SAN FRANCISCO—The U.S. Federal Bureau of Investigation (FBI) executed a search warrant Thursday (Sept. 8) at the Fremont, Calif., headquarters of Solyndra Inc., the solar cell manufacturer that announced last week it was shutting down operations and filing for bankruptcy, according to reports.
FBI agents, joined by officials from the U.S. Dept. of Energy's Office of the Inspector General, began executing the search warrant at 7:30 a.m. Thursday, according to a report by the San Jose Mercury News. An FBI spokesperson declined to divulge the reason for the search, according to the report.
The bankruptcy filing of Solyndra raised eyebrows, partly because the firm had received a $535 million federal loan guarantee to build manufacturing facilities in Fremont.
In a statement issued Thursday, Cliff Stearns, chairman of the U.S. House of Representatives Energy and Commerce Oversight and Investigations subcommittee, said a six-month investigation into the Solyndra loan guarantee had been expanded last week. The committee is now seeking additional documents and information from the White House regarding Solyndra, according to the statement.
Stearns is pushing for a halt of loan guarantees by the Dept. of Energy. Of the $18 billion in loan guarantees for which U.S. government stimulus funding is available, just over $8 billion worth of guarantees have been finalized, according to the statement. The Dept. of Energy has conditionally committed to an additional 16 projects totaling over $10 billion in guaranteed loans, but the guarantees have yet to be finalized, according to the statement. The deadline to finalize loan guarantees under the stimulus plan is Sept. 30.
The Oversight and Investigations subcommittee plans a hearing on the Solyndra loan guarantee next week.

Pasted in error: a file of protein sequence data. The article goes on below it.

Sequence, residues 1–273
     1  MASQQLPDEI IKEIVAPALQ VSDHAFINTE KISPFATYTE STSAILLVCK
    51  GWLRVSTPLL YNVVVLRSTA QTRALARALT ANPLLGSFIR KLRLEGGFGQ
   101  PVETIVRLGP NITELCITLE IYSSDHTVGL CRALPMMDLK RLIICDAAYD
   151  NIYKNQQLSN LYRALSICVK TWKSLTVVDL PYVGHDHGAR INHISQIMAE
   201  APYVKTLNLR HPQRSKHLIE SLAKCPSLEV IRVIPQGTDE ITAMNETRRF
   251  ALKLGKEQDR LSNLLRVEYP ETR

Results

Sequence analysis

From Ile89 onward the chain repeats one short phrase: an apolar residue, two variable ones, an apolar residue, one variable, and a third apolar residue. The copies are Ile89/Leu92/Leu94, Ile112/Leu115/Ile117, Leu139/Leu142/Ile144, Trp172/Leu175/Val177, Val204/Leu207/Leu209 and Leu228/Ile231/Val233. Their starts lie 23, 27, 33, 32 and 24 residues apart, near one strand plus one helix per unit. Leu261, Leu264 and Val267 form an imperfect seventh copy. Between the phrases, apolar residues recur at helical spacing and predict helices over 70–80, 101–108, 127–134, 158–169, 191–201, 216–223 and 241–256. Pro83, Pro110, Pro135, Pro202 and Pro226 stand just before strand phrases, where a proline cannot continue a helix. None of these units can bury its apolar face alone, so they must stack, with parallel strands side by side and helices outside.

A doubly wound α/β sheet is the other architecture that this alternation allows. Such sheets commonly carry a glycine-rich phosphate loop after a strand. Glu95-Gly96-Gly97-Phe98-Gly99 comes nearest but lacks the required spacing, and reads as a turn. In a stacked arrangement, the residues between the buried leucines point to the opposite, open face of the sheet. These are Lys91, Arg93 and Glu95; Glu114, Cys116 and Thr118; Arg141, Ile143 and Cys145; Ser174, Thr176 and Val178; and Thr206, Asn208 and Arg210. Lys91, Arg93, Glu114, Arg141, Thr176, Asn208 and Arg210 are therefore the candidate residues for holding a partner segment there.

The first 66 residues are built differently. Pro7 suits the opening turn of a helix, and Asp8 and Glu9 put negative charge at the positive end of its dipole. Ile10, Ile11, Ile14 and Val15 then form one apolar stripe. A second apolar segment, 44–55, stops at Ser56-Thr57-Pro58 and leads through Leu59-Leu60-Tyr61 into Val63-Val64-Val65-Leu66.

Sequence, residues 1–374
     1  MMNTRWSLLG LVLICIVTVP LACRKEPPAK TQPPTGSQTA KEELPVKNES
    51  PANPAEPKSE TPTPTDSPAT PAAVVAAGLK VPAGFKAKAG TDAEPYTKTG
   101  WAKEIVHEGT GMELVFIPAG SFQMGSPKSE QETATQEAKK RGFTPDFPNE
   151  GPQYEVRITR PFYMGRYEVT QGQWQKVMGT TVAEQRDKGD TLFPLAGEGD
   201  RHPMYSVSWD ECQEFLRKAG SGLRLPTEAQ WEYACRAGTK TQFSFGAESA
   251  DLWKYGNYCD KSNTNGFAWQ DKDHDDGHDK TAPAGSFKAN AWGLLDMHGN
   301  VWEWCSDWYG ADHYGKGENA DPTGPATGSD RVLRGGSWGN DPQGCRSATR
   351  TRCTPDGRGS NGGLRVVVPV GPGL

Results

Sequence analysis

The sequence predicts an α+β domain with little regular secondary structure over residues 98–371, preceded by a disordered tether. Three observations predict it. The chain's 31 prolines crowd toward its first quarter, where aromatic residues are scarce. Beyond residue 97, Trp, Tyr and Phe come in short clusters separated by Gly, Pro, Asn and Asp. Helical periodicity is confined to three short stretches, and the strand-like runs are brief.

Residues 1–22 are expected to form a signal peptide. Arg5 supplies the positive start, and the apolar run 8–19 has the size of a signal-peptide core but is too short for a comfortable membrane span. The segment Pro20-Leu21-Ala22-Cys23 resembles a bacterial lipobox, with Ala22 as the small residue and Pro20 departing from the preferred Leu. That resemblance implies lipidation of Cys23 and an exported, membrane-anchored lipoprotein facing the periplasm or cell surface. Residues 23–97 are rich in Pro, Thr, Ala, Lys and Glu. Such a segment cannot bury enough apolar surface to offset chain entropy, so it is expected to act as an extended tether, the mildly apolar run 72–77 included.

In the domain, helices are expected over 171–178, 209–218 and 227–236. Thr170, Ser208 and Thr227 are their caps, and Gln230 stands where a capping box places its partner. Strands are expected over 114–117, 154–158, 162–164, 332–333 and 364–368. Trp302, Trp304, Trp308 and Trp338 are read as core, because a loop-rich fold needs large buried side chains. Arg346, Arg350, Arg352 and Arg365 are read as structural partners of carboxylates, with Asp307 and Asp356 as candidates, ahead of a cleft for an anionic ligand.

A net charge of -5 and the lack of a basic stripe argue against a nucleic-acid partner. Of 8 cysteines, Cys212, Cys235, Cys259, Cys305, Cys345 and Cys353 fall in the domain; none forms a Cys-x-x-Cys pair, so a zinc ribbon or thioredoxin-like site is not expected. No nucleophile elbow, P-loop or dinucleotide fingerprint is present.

According to the Mercury News report, Solyndra filed for bankruptcy in Delaware Tuesday and said it plans to seek a buyer. The report referenced an earlier story by the Bloomberg news service, which said that Solyndra may have two bidders for its Fremont plant but that the Dept. of Energy is concerned that a buyer might buy the firm's equipment and move it out of the U.S.
According to Stearns, the Dept. of Energy was forced to restructure Solyndra's loan guarantee in February because the company was having financial problems.
@iniewski I think that the switty1 comment is subjectively correct. "The bulk of the loss is private" simply can be looked at as the private LOSS is greater than the business loss as a percentage. An individual losing $100 is a greater percentage of their net worth than the same or even twice the amount to a business. So, in essence, the private sector, already severely wounded and almost always the ones to shoulder the weight of supporting these schemes, ventures, etc. are rarely ever asked directly if we wish to support these ventures. If there were a nation-wide vote to approve such things(use taxes for or increase them because of) I would venture to guess that not much would get passed, but at least it would be a decision made for the people, by the people. Just imho.
You're right. It's all about the Tea Party and haters. If it weren't for them, everything would be unicorns and rainbows. Now let's all get behind a man who’s only hope is to spend $1B to smear his opponent.
Also, IMHO the US Gov't should never be allowed to bail out failing companies with our money. There is a reason those companies are failing and it isn't the economy, rather the economy is failing because of the poor financial decisions being made by those controlling the company.
Could be that Solyndra had no intention of building anything permanent but had, in fact, intended to use the loan to build equity prior to selling the company off shore for a profit.
This is one of the reasons the US Gov't should NOT be handling this sort of thing. They do not look any deeper than "I want".
Completely agree with you.
Unlike Germany or France, in English speaking countries Scientists and Engineers are treated like dirt, unless they luck out at IPO.
Professionl societies like IEEE etc. are mute spectators or at worst cheer leaders of outsourcing.